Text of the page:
BWW Review: ORDINARY DAYS, Drayton Arms Theatre
En route to the theatre, I walked past a mansion block 100 yards away and was thrown back 35 years to my first journey in a London cab. Rain streaked down the window, the streetlights smearing into each other, but I had eyes only for my not-quite-yet girlfriend whose flat was our destination. The working class provincial kid was finding his feet with the home counties middle class privately educated woman. This, of course, was just one ordinary tale of so many in the big, anonymous, melting pots of Western cities. In New York you can be a new man.
Ordinary Days tracks two odd couples finding their place in the Big Apple. Claire and Jason have sorta (but oughtn'ta) moved in together and are discovering that it's tough to find the space - physical, emotional, psychological - in the boxy apartments of Manhattan. Deb has drifted into Grad School, her nascent dissertation on Virginia Woolf betraying her ambivalence towards her subject, and herself. Warren is equally unsure of his story - cat-sitting for an artist and handing out zeitgeisty flyers on the street; but definitely not the next Basquiat.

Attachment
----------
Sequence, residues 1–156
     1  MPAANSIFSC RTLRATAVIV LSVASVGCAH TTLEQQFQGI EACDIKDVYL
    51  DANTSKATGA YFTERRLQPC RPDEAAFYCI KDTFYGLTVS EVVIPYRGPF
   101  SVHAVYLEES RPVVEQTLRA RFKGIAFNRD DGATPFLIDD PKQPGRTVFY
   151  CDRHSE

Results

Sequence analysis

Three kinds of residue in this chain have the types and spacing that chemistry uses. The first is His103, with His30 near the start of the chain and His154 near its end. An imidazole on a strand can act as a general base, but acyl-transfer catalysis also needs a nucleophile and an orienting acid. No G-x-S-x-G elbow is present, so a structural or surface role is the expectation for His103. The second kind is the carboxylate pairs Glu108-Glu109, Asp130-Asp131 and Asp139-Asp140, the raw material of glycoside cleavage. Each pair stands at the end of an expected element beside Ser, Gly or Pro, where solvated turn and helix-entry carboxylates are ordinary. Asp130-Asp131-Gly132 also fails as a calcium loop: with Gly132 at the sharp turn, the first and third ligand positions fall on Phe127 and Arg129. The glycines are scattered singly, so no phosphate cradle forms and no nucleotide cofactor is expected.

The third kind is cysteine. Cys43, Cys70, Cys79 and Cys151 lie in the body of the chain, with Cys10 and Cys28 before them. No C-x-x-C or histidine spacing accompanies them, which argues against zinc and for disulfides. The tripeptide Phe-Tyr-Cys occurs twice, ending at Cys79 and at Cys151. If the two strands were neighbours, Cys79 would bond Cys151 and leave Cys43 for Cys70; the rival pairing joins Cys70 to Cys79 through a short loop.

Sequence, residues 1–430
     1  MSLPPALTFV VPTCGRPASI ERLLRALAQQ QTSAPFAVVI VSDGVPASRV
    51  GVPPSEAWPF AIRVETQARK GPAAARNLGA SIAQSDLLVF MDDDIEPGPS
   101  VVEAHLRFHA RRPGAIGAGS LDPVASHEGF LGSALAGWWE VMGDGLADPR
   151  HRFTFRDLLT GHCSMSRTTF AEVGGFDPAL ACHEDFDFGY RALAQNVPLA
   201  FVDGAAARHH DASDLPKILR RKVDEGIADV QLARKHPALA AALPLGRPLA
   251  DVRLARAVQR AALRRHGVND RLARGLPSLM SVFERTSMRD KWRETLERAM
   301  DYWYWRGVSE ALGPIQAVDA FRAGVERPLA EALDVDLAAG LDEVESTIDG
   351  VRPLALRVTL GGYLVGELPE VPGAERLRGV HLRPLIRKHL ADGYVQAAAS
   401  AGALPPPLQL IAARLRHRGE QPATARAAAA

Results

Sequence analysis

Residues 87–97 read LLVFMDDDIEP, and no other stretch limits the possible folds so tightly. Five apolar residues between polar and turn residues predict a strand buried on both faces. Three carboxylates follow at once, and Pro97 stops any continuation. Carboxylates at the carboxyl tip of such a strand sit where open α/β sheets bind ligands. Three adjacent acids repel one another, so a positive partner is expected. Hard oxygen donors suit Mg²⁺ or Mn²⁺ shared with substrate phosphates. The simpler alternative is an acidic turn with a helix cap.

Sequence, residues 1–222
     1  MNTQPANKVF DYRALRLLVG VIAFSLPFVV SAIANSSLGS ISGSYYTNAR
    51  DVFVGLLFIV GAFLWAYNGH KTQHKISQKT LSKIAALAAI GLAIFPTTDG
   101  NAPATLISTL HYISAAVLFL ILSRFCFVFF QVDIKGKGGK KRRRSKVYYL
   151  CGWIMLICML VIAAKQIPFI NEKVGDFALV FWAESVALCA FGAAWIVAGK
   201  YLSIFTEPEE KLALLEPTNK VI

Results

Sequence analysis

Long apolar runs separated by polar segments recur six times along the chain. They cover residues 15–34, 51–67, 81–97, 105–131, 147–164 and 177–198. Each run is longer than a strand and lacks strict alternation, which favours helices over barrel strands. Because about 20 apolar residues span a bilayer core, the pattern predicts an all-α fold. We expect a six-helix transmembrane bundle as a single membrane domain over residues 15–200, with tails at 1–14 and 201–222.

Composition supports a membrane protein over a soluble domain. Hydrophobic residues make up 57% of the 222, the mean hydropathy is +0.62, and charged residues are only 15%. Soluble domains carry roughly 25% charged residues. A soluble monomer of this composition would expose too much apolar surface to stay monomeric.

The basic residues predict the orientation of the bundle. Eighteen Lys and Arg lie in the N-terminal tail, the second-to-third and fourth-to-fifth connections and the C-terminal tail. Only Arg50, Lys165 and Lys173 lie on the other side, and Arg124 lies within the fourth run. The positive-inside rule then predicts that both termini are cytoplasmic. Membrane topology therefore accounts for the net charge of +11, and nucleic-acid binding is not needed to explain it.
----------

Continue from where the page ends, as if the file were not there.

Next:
As the relationship of Claire and Jason - so suited on the surface - collapses under oh so familiar pressure, Deb and Warren develop one of those awkward partnerships that just works, despite everything. It's both unbelievable and makes perfect sense - that's what happens in The City.
Okay, it's a slight premise and it's all a bit familiar, but Adam Gwon's pleasant songs drive a charming narrative, beautifully delivered by a marvellous cast. Neil Cameron invests Warren with the sweetest of vulnerability, a gay guy who just wants to be needed as much as loved. Nora Perone gives Deb a bolshie brittleness that rings so true and you can't but crack a smile when a hand is proffered and (eventually) taken. Taite-Elliot Drew and Natalie Day have a more conventional couple to portray, but do so with great sensitivity, Drew a bit stupid, but trying hard and Day slowly becoming aware that he is not what she wants.
The singing is top drawer from all four, sung up close and unamplified with just Rowland Brache's keyboard for a score that is perfectly acceptable, but not quite packed with showstoppers. But it's all much better than is the case at most venues, where overly loud music can drown out vocals and swamp the nuance musical theatre needs to tell its stories.
Ordinary Days is no Les Mis - it's not meant to be - but it's a lovely boutique musical that presses plenty of emotional buttons and delivers with wit and wisdom. It might not change your life, but it'll reflect it and that ain't a bad result.
Photo Natalie Lomako